A Washington conversation in July:
"It's stifling out there."
"I wish we had a pool."
"Shall we call?"
The dog days of this Washington summer are spelling good times for the area's swimming pool companies.
Hot-weather pool buyers, who take out their wallets only after the temperature rises, come along every summer in the pool business. But last week area pool companies were reporting dozens of people calling every day as record temperatures have combined with economic good times to lure people poolside.
"Our busiest time of the year is always right now," said Richard Flippin, area general manager of Anthony & Sylvan Pools, the Pennsylvania-based pool manufacturer that is Washington's biggest pool supplier. "But last week, we had a tremendous number of people calling. Up to 50 calls a day."
Despite the advice of most real estate agents, how-to books and remodeling magazines, all of which still say that homeowners won't get their swimming-pool money back when they sell their houses, more pools were built in the United States last year than ever before. And the Washington pool market is as healthy as any--more than 2,000 pools are expected to be added this summer alone.
Washington consumers just don't seem to care anymore whether they'll get their money back. They want a pool, well, just because they want it.
"No, getting our money back wasn't a consideration," said Gary Smith, a columnist for theStreet.com, the online personal finance site, who just installed a kidney-shaped swimming pool and separate heated spa pool in his back yard on the Avenel Golf Course in Bethesda. "We just wanted one."
And there's been a slow shift in the attitude of some real estate agents toward houses with pools.
"Real estate books will tell you, No, don't do it," said Sue Huckaby, a top agent with Weichert Realtors in Virginia. "However, I think that a real pretty pool that's nicely landscaped on an upper-end house helps with its salability."
And some agents say pools have become de rigueur for million-dollar-plus houses in the Washington area.
"Anything going for over a million, it's just expected that there will be a pool," said Suzanne Goldstein, a top-selling agent with Long & Foster Real Estate Inc., selling mostly in the District and Montgomery County.
Flippin said business at Anthony & Sylvan's five Washington area offices has increased 30 percent during the past two years. "Consumers have a lot of confidence in this economy," he said, "and they're willing to spend discretionary income on improving their homes."
There are 3.8 million in-ground backyard pools all over the country, according to the Alexandria-based National Spa and Pool Institute. In 1998, 172,184 pools were added to the national supply, an increase of 40 percent from 1994, when Americans put in just 122,583 pools.
The Washington area currently numbers 57,100 in-ground backyard pools, the Institute reports, compared with about 60,000 for the San Diego area and 40,000 for Detroit. Both Detroit and Washington, which are roughly comparable in size, are bigger metropolitan areas than San Diego, however. So San Diego has the most pools per capita of the three cities, but Washington has more pools per capita than Detroit.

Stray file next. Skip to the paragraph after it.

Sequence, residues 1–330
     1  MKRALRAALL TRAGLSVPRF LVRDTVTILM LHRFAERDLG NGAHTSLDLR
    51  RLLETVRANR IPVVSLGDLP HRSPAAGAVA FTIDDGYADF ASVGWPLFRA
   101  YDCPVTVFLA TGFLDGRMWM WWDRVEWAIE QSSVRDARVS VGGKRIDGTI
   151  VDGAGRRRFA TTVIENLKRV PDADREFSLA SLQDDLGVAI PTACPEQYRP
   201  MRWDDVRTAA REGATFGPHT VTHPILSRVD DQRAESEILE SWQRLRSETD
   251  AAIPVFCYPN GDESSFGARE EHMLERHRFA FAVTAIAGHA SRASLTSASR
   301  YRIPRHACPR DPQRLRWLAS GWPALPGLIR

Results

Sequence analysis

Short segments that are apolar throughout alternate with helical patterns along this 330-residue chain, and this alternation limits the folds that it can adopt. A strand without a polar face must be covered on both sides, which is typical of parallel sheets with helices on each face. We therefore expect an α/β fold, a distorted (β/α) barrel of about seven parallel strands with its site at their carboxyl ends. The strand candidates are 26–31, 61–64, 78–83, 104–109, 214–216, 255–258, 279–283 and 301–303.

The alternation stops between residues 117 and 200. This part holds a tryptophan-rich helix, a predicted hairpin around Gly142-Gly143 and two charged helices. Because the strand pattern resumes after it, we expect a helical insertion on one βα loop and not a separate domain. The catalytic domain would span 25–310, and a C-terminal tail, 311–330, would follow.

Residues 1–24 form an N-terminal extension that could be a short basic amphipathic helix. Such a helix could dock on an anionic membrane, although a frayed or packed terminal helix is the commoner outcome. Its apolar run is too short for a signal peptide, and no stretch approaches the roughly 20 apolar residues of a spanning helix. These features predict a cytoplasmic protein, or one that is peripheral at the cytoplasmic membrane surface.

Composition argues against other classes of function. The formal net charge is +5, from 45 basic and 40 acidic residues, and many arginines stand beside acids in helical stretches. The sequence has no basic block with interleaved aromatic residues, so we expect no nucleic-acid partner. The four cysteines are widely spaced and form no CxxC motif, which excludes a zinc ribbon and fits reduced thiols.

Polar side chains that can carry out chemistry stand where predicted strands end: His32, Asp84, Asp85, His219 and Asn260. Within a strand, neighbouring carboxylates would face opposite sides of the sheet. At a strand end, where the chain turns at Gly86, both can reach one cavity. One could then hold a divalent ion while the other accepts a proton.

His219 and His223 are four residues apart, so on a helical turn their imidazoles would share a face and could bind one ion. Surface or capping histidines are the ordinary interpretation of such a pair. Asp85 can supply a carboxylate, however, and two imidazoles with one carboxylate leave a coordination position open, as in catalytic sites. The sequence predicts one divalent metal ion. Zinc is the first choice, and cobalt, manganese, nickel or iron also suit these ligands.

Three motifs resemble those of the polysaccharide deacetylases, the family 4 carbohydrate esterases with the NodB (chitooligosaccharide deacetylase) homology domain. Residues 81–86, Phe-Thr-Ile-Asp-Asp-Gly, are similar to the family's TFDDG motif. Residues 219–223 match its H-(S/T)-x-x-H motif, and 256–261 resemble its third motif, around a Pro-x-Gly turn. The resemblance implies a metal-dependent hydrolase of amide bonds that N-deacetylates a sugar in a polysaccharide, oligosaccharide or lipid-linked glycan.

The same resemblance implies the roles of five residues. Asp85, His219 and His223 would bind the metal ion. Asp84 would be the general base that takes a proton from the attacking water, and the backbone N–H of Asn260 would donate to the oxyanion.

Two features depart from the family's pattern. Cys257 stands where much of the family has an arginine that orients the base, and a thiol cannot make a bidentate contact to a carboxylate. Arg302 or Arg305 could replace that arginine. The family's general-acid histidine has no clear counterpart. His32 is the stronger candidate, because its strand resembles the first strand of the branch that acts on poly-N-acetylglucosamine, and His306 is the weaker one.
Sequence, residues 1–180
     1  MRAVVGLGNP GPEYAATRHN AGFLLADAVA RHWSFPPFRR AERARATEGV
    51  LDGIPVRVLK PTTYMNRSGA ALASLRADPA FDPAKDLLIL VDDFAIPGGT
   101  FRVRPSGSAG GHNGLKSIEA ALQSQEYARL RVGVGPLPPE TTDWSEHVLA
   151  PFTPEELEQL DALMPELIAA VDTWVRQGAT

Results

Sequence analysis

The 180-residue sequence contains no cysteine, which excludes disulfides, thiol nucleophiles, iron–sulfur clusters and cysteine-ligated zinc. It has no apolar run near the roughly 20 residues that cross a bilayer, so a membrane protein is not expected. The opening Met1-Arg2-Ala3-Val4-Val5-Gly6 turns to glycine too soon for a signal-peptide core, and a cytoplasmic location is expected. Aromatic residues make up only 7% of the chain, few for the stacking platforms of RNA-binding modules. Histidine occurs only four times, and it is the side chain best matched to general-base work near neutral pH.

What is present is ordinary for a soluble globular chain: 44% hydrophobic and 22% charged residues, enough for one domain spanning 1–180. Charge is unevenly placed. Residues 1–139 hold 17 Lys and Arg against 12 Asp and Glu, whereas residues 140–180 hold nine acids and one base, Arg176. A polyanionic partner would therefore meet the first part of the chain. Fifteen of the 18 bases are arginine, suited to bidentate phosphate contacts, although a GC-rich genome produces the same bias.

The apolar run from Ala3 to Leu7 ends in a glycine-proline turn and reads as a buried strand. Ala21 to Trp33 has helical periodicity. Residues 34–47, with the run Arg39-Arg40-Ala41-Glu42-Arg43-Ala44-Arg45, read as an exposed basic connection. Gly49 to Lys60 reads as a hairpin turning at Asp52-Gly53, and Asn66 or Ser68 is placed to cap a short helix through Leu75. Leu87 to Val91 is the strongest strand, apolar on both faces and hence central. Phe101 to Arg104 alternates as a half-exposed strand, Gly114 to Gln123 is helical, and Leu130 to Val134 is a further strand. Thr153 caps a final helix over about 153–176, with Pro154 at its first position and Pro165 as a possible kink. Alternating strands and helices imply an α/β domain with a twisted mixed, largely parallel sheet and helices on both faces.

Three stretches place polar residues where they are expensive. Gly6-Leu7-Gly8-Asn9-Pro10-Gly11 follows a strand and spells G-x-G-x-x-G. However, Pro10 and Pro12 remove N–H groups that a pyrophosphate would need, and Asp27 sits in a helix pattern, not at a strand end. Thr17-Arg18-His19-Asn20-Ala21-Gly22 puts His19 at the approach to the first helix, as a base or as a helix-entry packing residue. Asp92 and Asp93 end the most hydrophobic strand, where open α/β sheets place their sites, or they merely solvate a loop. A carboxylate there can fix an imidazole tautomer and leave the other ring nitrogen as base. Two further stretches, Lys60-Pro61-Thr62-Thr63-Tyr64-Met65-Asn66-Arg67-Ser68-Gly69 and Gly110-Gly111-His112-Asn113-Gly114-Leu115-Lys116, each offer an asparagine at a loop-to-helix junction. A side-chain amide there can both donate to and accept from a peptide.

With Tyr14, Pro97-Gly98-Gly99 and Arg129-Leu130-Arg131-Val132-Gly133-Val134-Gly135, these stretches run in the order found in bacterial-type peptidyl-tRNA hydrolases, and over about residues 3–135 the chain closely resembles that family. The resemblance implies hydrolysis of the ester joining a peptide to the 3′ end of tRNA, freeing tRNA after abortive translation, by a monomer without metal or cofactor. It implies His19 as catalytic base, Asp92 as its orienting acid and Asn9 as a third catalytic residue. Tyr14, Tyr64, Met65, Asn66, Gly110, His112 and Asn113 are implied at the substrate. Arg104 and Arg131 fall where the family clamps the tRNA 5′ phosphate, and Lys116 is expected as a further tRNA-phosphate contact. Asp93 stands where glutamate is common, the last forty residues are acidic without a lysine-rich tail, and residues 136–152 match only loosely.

"The Northeast is a very good market for pools," said Jack Cergol of the National Spa and Pool Institute. "Economics has something to do with it, that it's the financial center of the United States."
And we're not just talking the old rectangular blue things stuck in the middle of the backyard. Today's pools come complete with automatic covers that roll back into boxes flush with the deck, automatic sweeper-cleaners and chemical systems that leave them almost maintenance-free, and remote controls to heat the spa pool while you're sitting in traffic on the way home from the office.
Today's pools also are heavily landscaped and surrounded by decks made of anything from wood to flagstone to Italian marble. They often feature waterfalls. Many Washington area residents are opting for spa pools with the main pool, either as a separate hot tub with whirlpool jets or as one super-heated, jet-equipped part of the pool.
Do you continue to think of pools as turquoise blue? Out of date! A pool designed today is just as likely to have a gray or black bottom. It's dramatic--and attracts and keeps the heat, which is important for stretching the swimming season. And almost everyone investing in a pool in this area also is installing heaters, which can extend the season a few months.
Pools also are getting smaller and shallower, the sumptuous focal point in a landscaped back yard, rather than a dominating hunk of water. "Smaller is more practical," said Craig Revai, manager of Hohne Pools in Baltimore.
The number of diving boards and slides also is decreasing dramatically, mostly because of safety and liability concerns, pool companies said.
Town & Country Pools of Springfield, an award-winning designer and builder of pools, recently began marketing a "vanishing edge" pool where the water flows over one side and seems to be dropping into the abyss.
"It's a very attractive look," said Fred Flippin of Town & Country Pools, brother of Richard Flippin from Anthony & Sylvan. Town & Country has done one overlooking the Potomac River, and another backing onto woods. They're currently finishing their third, and a fourth was recently commissioned, company officials said. Town & Country, which operates only in this area, reports its business is up 50 percent in two years.
These cool new pools don't come cheap, of course. Town & Country said its most popular size, an 18-by-40-foot free-form shape, is about $25,000 without any extras.